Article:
White House Chief of Staff Jeff Zients recently reaffirmed Joe Biden’s unwillingness to negotiate over spending cuts in exchange for raising the debt ceiling. This stance starkly contrasts with Biden’s role in the Obama administration in 2011, where he negotiated with congressional Republicans. Zients cited that time’s harmful “brinksmanship”, which he said had significant adverse effects on the economy and families nationwide.
Meanwhile, Sen. Joe Manchin (D-WV) criticized Biden for a “deficiency of leadership” in the current debt ceiling negotiations. Manchin’s remarks came after House Speaker Kevin McCarthy (R-CA) announced a forthcoming bill to raise the debt limit and cut back on spending. Biden and McCarthy have not sat down to discuss the debt limit since early February, with the president insisting that the debt ceiling should be increased without any conditions on his runaway deficit spending.
President Biden’s reckless spending created record inflation, made us more dependent on China, and undermined Social Security and Medicare. Since he's been in hiding, House Republicans will take action by passing a responsible debt limit increase. https://t.co/YS11O6kqtK
— Kevin McCarthy (@SpeakerMcCarthy) April 19, 2023
McCarthy’s proposed bill, dubbed the Limit, Save, Grow Act of 2023, aims to lift the debt ceiling by $1.5 trillion or extend it through March 2024. Additionally, the legislation outlines measures to raise work requirements for federal benefits, recover unused COVID-19 pandemic funds, and repeal the student loan forgiveness program, among other things. McCarthy asserted that with the introduction of a clear plan for a responsible debt limit increase, there is no excuse for the president to refuse negotiation.
In January 2023, the U.S. government reached its statutory debt limit, prompting the Treasury Department to employ “extraordinary measures” to maintain financial obligations. In a letter to congressional leaders, Treasury Secretary Janet Yellen stated that these measures could continue until June 5 but urged Congress to act quickly to avoid default.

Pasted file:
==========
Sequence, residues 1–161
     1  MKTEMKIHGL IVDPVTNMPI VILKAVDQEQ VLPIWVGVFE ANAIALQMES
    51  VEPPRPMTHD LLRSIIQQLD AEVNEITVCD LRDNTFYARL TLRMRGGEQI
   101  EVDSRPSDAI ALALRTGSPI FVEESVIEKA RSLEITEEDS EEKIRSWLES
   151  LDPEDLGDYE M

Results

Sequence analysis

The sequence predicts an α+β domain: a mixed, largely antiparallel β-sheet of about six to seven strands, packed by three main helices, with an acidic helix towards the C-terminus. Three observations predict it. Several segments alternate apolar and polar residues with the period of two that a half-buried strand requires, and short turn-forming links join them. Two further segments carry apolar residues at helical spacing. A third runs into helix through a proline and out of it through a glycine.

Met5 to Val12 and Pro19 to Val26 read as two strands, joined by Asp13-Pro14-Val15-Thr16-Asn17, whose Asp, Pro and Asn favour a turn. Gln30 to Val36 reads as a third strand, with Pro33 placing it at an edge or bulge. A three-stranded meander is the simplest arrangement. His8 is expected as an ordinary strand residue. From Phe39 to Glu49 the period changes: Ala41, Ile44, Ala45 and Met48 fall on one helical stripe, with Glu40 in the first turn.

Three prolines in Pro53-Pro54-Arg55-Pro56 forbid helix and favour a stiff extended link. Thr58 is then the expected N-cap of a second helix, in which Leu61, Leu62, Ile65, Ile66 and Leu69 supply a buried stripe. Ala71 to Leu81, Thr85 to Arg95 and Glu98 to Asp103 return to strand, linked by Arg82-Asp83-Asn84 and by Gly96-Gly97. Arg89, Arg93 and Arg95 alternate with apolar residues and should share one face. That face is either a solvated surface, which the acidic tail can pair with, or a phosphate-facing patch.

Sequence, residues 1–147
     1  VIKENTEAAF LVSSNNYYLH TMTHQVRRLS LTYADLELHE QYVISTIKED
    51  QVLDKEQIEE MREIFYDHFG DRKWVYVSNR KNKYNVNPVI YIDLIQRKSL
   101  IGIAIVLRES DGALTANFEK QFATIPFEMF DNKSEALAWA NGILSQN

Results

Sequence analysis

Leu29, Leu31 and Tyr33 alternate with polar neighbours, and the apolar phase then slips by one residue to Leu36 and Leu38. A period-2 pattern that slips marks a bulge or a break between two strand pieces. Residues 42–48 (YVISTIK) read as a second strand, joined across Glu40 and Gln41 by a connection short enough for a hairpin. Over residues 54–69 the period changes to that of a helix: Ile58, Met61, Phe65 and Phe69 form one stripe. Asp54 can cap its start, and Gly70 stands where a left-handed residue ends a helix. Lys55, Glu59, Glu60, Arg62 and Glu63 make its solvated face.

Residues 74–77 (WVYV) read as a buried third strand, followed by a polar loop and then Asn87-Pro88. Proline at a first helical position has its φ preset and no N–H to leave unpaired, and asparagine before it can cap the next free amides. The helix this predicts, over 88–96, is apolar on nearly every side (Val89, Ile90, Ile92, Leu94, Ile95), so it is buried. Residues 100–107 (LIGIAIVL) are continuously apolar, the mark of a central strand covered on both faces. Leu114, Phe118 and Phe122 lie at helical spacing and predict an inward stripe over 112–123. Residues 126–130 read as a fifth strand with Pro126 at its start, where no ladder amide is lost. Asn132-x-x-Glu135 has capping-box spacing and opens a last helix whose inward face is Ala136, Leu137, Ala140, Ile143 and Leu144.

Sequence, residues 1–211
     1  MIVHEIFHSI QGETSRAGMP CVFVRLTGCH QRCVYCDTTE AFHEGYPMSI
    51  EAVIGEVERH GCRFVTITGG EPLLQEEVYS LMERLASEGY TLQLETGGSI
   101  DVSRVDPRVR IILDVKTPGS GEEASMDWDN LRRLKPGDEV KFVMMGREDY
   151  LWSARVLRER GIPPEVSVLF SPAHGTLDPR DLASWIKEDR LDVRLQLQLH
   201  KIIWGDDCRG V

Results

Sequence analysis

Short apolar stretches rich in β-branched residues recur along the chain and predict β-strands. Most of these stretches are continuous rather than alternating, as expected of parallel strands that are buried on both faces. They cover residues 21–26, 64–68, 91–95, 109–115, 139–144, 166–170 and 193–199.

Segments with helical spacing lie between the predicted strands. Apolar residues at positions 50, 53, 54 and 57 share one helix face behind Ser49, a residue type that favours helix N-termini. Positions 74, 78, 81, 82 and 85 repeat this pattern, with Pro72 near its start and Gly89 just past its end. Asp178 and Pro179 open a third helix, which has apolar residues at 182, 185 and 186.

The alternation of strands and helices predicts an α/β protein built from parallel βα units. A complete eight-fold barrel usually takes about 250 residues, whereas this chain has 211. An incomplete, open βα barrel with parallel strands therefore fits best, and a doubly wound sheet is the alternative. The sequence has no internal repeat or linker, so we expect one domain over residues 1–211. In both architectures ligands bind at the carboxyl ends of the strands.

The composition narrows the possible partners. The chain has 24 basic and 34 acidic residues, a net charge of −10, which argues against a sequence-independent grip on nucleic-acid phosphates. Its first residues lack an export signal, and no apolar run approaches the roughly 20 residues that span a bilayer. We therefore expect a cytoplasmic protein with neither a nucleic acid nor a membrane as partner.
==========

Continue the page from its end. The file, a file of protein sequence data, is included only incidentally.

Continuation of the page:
Democrats, including former House Speaker Nancy Pelosi, criticized Republicans for using the debt ceiling as leverage for spending cuts, calling it “silliness.” Senate Finance Committee Chair Ron Wyden (D-OR) further accused Republicans of taking the economy hostage and demanded they back down on the debt limit. In addition, some House GOP hard-liners, like Rep. Andy Biggs (R-AZ), oppose raising the borrowing limit altogether.
However, the White House remains firm on its position. Press Secretary Karine Jean-Pierre this week dismissed suggestions that President Biden is responsible for the lack of progress on avoiding a U.S. debt default. Instead, she attributed the stalemate to Congress, specifically the “political stunts” by McCarthy and the MAGA wing. According to Jean-Pierre, it is the constitutional duty of Congress to address the issue and prevent a default.
McCarthy’s proposal faces significant opposition from Biden and the Democrats. The Biden administration insists that Republicans should agree to increase the debt ceiling without negotiations over any changes to budget policy.